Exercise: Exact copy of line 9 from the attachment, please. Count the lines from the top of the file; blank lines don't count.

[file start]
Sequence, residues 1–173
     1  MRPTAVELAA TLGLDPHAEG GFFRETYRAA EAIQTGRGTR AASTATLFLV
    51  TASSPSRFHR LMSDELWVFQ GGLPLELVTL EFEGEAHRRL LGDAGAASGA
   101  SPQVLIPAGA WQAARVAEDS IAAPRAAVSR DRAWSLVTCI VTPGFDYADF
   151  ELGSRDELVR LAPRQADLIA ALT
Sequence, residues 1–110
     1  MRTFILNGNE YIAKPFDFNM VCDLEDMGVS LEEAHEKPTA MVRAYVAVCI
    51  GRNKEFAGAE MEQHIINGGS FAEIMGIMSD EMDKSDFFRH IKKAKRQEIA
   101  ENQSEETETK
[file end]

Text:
   101  ENQSEETETK